After I checked my email at a poolside bar in Playa del Carmen last week, I checked the news, and read about Sheila Nabb's terrible injuries in Mazatlan.
Nabb, a 37-year-old Calgary office worker, was attacked in an elevator at her five-star resort in the small hours of the morning. Every bone in her face was broken and she faces a long, painful recovery.
On my flight back to snowy Ottawa, I watched a TV story about another Canadian attacked in Mazatlan.
Scott Giddy, of Fergus, Ont., was beaten over the head near the same resort last spring.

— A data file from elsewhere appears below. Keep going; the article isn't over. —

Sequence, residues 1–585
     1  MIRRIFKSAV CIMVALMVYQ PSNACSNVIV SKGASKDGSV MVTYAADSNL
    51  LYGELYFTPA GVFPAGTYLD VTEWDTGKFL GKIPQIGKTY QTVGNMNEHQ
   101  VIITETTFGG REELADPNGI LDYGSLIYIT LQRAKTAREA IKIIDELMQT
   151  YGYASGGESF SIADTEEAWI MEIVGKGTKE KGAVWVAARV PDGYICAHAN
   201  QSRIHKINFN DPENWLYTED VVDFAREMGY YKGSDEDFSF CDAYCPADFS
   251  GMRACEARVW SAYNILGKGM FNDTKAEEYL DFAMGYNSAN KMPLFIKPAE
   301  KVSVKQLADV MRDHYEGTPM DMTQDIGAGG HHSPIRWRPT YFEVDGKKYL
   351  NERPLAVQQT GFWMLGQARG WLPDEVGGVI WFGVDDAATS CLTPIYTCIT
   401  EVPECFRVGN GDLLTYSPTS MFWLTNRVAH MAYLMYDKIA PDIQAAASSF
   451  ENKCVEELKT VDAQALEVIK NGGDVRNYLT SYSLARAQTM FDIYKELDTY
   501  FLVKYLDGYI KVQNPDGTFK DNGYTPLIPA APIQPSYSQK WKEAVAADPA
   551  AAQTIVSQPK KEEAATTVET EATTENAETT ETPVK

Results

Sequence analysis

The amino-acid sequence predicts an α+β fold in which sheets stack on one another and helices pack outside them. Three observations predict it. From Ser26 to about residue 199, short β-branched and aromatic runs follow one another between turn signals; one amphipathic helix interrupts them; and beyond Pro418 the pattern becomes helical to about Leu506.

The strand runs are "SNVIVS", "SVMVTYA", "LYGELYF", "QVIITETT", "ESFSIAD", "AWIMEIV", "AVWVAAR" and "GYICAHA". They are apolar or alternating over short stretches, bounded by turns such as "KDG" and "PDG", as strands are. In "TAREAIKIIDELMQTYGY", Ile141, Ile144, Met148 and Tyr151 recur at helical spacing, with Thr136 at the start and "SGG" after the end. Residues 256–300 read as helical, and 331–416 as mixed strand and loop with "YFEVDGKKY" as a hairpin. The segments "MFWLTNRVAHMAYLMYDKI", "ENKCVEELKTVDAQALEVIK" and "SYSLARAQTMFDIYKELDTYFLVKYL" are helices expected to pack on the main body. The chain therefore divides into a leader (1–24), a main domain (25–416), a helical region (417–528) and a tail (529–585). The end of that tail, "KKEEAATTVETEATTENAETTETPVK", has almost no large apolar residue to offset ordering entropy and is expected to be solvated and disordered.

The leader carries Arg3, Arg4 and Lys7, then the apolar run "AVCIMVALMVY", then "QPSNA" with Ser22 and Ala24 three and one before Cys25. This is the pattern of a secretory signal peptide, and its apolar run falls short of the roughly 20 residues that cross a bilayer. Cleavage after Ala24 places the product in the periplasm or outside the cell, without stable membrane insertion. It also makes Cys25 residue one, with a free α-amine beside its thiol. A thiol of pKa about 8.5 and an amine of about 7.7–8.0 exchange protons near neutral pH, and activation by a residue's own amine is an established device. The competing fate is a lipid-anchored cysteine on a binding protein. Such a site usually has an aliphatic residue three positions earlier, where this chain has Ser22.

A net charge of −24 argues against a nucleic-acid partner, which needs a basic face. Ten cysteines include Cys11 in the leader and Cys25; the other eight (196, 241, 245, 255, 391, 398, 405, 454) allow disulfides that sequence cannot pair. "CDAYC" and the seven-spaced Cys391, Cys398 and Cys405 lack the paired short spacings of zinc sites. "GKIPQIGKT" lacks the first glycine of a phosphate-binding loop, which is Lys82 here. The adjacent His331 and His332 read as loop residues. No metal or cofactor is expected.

The TV networks have been playing these stories in heavy rotation, asking whether Canadians should feel safe travelling to Mexico.
These are compelling personal stories, the kind of news that keeps you from clicking your remote, and it is easy for producers to justify this sensationalism because the TV stations are making Canadians aware of the risks of travelling to Mexico, which are real.
But there are risks, also, with a day on the nearest ski hill, with the drive to the ski hill, with taking a cruise in Italy, or even staying locked in your own residence in Canada, where you might slip in the tub and crack your head.
As we become safer and richer, our culture becomes ever more risk averse, and stories like Nabb's and Giddy's loom too large in our thoughts.The Globe and Mail offers a similar message (directed to Canadians but certainly applicable to Americans) -- most of Mexico is perfectly safe for visitors.